Press Conference, April 10, 1928

Date: April 10, 1928

Location: Washington, D.C.

(Original document available here)

I have no accurate information about the proposed reduction in postal rates, according to the House bill. There are some slight readjustments that might be made, but of course it would be necessary to make them in such a way as to not interfere very much with the postal revenue. The Post Office already has a deficit, and it wouldn’t be possible to make any material reductions without so much increase in that deficit that we wouldn’t have the money with which to meet our expenses.

It wouldn’t be possible to make any forecast about what may come out of the negotiations with various countries arising out of the proposals for renunciation of war. The most that I could say about that would be that we are disposed to explore the matter thoroughly and do anything that we reasonably can to secure a helpful agreement in that direction among the great powers.

Governor Brewster was in and suggested that Bar Harbor was a very delightful place in the summer, which I know to be a fact, and that he thought they had accommodations there for myself and my family and for my office force and the newspaper men. I told him to send me a letter stating what the situation was and that I would take it up with the other offers that have been made.

Question: Mr. President, he mentioned 1200 ft. as the altitude. Was that correct for the altitude?

President: At Bar Harbor? I am not familiar with the altitude about there. Bar Harbor itself of course is right on the ocean front, so that a great deal of it is practically sea level. He didn’t say anything to me, as I recall, about an altitude of 1200 ft. That must be somewhat inland.

I haven’t had any reports about the progress of the tax bill before the Senate Finance Committee. Some of the members of the House came in yesterday to discuss proposals for putting in a very large number I can’t tell whether it was 169 or 69 or something of that kind, it was a very large number – of reservoirs on the upper reaches of tributaries of the Mississippi. After discussing it with General Jadwin it didn’t seem that a plan of that kind would give adequate flood control, though it would be advantageous to the territory concerned which is Arkansas, Oklahoma, Kansas, I think southern Nebraska, Colorado and New Mexico.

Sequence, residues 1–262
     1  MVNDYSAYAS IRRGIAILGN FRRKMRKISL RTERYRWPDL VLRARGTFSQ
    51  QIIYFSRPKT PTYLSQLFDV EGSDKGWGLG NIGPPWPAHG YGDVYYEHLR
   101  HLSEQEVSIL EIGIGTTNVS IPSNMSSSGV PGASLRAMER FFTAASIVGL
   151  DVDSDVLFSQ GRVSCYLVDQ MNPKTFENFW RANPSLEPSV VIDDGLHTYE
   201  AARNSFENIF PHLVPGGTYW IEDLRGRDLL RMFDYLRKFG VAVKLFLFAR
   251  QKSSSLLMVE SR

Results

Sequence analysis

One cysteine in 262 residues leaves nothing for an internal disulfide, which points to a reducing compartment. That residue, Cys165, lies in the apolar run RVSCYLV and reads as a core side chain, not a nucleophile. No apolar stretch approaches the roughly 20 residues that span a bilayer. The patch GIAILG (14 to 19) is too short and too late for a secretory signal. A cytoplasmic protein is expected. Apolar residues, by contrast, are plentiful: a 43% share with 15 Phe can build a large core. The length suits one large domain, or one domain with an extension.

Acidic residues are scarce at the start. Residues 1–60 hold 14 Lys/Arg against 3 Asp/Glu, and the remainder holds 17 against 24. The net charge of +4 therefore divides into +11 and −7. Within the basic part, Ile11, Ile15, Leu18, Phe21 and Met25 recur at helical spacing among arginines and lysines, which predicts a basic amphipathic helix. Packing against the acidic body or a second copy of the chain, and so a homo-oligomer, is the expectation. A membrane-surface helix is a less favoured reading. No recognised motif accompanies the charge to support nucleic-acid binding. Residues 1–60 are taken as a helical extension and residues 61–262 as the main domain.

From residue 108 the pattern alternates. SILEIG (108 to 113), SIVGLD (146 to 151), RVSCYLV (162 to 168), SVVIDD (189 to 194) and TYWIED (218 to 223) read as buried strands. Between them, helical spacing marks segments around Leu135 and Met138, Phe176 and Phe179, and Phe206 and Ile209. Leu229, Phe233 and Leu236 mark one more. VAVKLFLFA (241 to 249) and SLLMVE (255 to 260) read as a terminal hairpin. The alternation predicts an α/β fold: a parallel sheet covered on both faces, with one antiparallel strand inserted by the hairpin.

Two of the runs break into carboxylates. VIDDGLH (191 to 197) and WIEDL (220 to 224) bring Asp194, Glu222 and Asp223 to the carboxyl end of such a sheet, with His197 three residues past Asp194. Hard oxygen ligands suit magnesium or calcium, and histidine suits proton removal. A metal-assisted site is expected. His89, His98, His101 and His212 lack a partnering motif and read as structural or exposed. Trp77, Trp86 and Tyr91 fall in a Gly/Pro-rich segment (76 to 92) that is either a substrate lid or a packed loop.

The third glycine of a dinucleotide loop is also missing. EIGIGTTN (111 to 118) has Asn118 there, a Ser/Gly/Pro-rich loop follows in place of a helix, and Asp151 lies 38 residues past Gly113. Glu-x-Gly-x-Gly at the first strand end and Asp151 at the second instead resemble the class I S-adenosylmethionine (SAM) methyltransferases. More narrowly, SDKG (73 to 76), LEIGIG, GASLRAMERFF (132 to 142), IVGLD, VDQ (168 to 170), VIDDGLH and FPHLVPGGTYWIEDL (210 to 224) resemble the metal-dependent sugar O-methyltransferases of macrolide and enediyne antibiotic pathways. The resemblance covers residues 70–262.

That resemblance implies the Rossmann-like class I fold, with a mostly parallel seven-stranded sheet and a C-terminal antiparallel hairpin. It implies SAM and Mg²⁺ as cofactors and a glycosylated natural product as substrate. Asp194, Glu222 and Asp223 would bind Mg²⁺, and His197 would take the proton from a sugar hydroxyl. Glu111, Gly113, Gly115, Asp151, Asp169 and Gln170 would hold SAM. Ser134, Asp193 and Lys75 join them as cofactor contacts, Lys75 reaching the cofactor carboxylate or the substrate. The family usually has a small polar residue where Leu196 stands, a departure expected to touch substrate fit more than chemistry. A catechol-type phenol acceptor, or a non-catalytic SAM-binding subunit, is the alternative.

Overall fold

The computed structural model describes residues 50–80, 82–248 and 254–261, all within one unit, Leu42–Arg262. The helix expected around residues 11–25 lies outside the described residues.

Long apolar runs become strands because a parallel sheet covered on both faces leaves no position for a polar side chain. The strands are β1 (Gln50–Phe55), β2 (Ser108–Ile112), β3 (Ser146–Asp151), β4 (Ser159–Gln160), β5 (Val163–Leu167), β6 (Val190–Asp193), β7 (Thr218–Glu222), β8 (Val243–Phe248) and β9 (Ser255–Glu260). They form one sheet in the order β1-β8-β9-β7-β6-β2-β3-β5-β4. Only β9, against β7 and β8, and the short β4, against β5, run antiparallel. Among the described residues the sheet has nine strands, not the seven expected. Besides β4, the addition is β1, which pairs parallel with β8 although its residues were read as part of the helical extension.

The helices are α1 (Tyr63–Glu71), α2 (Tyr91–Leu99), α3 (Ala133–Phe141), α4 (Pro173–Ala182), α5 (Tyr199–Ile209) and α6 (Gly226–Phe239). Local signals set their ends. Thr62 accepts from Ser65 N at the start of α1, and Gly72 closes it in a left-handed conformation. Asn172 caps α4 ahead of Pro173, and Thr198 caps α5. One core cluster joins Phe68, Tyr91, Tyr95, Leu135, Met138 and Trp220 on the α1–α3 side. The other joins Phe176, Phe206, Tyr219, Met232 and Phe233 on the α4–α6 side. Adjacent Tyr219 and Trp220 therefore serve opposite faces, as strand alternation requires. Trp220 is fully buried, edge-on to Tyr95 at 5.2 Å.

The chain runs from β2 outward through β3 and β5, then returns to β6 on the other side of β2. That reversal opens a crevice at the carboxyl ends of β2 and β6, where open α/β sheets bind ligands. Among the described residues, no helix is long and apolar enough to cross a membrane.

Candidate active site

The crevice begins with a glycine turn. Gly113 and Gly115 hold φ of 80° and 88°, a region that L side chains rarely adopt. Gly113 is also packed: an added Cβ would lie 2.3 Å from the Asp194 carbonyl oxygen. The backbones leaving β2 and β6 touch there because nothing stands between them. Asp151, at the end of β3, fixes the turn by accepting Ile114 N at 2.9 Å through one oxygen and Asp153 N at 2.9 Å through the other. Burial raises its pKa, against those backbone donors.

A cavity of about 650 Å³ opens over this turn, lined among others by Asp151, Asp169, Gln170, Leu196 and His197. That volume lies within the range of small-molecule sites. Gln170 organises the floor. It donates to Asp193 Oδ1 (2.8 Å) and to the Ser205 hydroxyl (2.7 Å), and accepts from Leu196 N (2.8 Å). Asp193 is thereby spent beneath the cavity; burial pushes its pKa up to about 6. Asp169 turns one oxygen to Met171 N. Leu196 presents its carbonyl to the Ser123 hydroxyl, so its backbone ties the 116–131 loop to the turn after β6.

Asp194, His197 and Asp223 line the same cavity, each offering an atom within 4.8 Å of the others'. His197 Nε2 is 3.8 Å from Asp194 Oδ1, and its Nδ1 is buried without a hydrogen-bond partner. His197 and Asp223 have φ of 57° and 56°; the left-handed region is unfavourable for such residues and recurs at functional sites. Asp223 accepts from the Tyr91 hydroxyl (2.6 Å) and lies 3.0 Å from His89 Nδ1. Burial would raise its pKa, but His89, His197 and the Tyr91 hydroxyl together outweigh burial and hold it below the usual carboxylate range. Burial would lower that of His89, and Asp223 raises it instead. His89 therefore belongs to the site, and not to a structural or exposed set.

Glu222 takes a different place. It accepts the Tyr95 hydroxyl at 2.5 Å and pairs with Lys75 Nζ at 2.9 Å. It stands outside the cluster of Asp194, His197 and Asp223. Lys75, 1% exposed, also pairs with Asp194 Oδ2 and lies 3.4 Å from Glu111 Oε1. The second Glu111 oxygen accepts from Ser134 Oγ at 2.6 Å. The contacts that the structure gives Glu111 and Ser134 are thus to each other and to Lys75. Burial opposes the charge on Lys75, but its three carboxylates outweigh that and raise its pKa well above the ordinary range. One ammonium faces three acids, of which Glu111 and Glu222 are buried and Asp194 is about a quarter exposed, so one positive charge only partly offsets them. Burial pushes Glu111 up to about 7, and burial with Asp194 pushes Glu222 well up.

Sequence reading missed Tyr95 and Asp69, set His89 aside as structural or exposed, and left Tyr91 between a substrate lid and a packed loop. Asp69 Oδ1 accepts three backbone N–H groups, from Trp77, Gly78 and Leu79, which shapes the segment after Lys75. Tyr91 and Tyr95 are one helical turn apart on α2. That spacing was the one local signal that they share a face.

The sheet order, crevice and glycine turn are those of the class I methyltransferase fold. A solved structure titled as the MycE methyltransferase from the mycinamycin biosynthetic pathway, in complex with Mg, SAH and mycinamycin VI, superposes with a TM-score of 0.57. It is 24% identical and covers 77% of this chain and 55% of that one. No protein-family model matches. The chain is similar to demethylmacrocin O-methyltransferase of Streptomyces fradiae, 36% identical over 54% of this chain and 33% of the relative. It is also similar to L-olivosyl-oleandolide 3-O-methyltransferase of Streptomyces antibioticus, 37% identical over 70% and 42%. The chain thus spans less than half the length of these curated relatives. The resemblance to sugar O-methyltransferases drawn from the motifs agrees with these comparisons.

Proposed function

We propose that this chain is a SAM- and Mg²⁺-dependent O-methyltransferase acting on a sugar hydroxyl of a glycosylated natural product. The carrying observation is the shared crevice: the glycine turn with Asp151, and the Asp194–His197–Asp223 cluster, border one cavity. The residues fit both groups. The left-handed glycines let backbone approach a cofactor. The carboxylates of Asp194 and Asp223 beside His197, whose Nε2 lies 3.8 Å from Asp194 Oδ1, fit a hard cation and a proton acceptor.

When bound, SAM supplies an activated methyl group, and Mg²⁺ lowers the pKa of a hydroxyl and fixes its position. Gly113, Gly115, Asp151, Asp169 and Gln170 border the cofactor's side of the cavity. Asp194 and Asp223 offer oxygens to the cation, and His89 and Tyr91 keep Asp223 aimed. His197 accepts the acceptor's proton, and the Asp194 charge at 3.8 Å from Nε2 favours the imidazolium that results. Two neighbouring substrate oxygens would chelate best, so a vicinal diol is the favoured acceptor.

The flood control legislation is getting into a very unfortunate situation. I was afraid it would, when it became apparent that there was great reluctance on the part of Congress to have any local contribution. Of course, as soon as that policy is adopted, then it becomes a bestowal of favors on certain localities and naturally if one locality is to be favored, all the other localities in the United States think that they ought to come in under the same plan and have their floods taken care of. The bill, of course, is an entire reversal of the policy that has been pursued up to the present time, which was that of helping the locality. This undertakes to have the United States go in and assume the entire burden. It is so drawn that the rule of damages is a new one. It seems to confer property on people and then in another part of the bill proposes to pay them for the property that has been conferred in the way of damages. There is grave danger too that it would leave the United States to be responsible for flood damage that might be hereafter incurred, if any levees should break, or the plan is inadequate, or anything of that kind, which would be a very serious situation, and the cost has mounted from around $300,000,000 to about $1,500,000,000.

Question: That was the Jones bill?

President: That is the bill as it has come out of the Committee in the House, the Jones bill with the House amendments. It leaves the U. S. Government also to pay all the major costs of maintenance, which it has never done before. It almost seems to me as though the protection of the people and the property in the lower Mississippi that need protection has been somewhat lost sight of and it has become a scramble to take care of the railroads and the banks and the individuals that may have invested in levee bonds, and the great lumber concerns that own many thousands of acres in that locality, with wonderful prospects for the contractors. Taking the management and the control and the letting of contracts out of the hands of the Board of Engineers, where it has been, and putting it into the hands of a new body that are to hold office forever would be, if not unresponsible, certainly unresponsive to anybody or anything. It seems to me we might have a flood control bill within reasonable limits that would take care of the situation adequately without the expectation of it costing five times as much as it ought to cost.

I haven’t had any suggestion that the farm bill might be modified. There are some things in there that I think I suggested in my message, but not more than 6 or 8 of them I think, though the bill has been changed somewhat, perhaps, since that change was made, and there are a large number of things still contained in the bill that it was necessary to criticize in my veto message of last year. The equalization fee is still there. While the Attorney General held last year that it was unconstitutional, I don’t know of anything that has been done to render it constitutional this year. I should like very much to have a measure for helping the farmer in accordance with my various messages to the Congress. It seems as though such a measure might be worked out by the various committees and adopted.

Citation: Calvin Coolidge: Remarks by the President to Newspaper Correspondents

The Coolidge Foundation gratefully acknowledges the volunteer efforts of James George who prepared this document for digital publication.

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